Brussels Sprouts are good for you…but I still won’t eat them!
My mum loves Brussels Sprouts. I don’t know why! But I do know that there’s a very good reason why they’re called the most hated of all vegetables.
But. Apparently, they’re good for you.
Apparently, they’re filled with vitamin C, vitamin K, carotenoids and fibre!
And apparently they even have some anti-cancer benefits. Supposedly. But what would Harvard University know? (Source: School of Public Health, Harvard University.)
The reason why I hate Brussels Sprouts is that they just taste rubbish. There is a reason for that. Google says so! Brussels Sprouts are bitter because they contain a sulphur-containing phytochemical called glucosinolate. AKA Sulphur! According to the Bible, sulphur is associated with brimstone and brimstone is associated with divine retribution!
That explains everything!
So you might be wondering why I am sharing my disdain for Brussels Sprouts. And I have to be honest, it has nothing to do with their association with divine retribution!
The reason I share what I share, is that I have heard it said that if people would simply learn and understand ‘what I love about the church’, about our liturgy, about the way we do things, they will fall in love with it too. My disdain for Brussels Sprouts tells me tells me that just because something is good for you, doesn’t mean that you will like it. That very thinking creates cognitive dissonance.
Now don’t get me wrong.
I love the church. I love to gather together with fellow believers. I value worship. I appreciate anything that draws me into a moment of awe about what God does for me; the acoustic resonance of the chanted liturgy in a big cathedral and the moments of silence in contemplative worship. And I appreciate the passion and energy of singing contemporary worship songs in a large group.
But despite what I like, I have also learned that where I worship, when I worship and how I worship is not as important as who I worship.
I was talking with someone recently who lamented the loss of liturgical worship in their church (and by that they meant the chanted liturgy) and the diminishing attendance of worship on Sunday mornings. And then they made the startling comment: ‘Young people are just not interested anymore’.
Research by McCrindle in Australia and Barna in the US, suggests that young people are actually more spiritual than the generation that went before them; it’s just that, by and large, they have disconnected from the way that their parents ‘do church’. They see a disconnect between what they hear on a Sunday morning and what they encounter during the week. So, to use the Brussels Sprouts analogy, it doesn’t matter how much you tell them how good Brussel Sprouts are for you, they may well and truly choose to eat Kale! For what it is worth, another ungodly vegetable!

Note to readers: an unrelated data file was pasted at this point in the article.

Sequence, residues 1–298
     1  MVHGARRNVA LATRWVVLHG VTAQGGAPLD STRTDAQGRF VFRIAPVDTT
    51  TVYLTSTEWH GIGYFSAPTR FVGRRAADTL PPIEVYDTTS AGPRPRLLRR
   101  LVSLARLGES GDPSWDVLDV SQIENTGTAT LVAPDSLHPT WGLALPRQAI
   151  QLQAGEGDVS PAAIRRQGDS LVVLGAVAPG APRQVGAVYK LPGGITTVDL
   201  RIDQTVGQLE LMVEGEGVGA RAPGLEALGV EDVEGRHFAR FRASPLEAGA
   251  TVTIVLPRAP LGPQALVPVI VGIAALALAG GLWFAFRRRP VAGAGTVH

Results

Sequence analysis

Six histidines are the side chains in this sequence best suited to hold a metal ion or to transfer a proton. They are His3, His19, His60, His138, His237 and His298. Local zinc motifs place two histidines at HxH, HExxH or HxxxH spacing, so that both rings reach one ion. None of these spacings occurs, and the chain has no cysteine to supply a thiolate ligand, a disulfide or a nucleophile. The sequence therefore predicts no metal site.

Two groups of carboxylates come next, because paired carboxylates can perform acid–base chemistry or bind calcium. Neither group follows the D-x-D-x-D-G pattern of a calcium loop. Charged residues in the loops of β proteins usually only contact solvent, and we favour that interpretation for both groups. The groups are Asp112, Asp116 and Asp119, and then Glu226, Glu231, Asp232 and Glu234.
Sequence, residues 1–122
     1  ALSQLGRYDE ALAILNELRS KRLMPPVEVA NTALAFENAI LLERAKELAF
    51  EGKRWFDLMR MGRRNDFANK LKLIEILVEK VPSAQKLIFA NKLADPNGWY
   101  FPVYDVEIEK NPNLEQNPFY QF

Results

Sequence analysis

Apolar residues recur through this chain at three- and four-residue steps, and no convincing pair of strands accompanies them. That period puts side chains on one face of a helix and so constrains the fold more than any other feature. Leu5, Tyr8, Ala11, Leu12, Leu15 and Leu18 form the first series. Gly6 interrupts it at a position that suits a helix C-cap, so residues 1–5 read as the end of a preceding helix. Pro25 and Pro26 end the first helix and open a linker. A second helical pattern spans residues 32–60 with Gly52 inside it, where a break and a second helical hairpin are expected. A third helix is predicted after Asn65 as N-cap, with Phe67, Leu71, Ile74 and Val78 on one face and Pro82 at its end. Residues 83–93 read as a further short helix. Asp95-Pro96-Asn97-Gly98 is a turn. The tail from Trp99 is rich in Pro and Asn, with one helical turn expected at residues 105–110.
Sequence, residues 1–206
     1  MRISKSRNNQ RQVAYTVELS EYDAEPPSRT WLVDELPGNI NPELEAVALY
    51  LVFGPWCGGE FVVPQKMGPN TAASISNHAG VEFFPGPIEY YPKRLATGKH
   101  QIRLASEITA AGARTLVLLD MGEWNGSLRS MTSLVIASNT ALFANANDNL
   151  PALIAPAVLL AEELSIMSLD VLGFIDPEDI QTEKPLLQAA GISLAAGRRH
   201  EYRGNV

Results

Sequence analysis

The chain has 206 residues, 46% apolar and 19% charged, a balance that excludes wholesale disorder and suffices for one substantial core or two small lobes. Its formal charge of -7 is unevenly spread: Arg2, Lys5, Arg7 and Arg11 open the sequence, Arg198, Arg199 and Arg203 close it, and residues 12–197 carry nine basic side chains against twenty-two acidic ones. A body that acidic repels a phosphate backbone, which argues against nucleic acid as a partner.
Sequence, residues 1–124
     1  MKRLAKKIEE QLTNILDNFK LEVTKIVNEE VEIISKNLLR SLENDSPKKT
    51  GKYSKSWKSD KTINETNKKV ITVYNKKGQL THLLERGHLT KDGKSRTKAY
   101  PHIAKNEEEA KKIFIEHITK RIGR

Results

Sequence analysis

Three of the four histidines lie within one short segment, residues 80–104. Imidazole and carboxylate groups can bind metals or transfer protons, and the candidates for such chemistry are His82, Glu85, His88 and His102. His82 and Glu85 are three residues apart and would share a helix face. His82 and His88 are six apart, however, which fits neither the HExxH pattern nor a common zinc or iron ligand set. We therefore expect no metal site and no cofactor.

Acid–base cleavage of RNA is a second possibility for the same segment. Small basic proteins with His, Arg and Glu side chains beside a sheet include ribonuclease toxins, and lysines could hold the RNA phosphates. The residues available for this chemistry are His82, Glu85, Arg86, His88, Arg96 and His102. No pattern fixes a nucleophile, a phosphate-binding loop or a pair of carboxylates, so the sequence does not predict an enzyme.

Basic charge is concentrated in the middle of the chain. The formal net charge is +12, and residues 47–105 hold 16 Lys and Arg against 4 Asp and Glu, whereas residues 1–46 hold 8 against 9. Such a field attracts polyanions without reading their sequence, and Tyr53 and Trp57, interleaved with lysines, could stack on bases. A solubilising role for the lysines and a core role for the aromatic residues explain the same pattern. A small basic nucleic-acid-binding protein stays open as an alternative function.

So what can we learn?
We need to do cultural exegesis! We need to understand the heart language of those we care about. We need to learn to speak their language!
That might even mean that we need to give up our Brussels Sprouts. Or we might even have to avoid Kale.
As followers of Jesus, who himself did whatever was necessary to engage with, be heard and understood by the local culture, we can be confident that what Jesus has done on the cross is more than provide a free pass to heaven; what Jesus has done on the cross provides the power to remove a person’s self-loathing (often exacerbated by social media), and anxiety (about past failures or future possibilities), and learn to find ways to engage with and impact how community happens in the world!
- What do you really think about Brussels Sprouts and why?
- Do you have ‘Brussels Sprouts’ thinking happening in your church?
- If you were to engage with people who don’t currently gather in your faith community, what would need to change?
- How might your understanding of what Jesus has done for you empower you to find ways to connect with ‘Kale’ moments with others?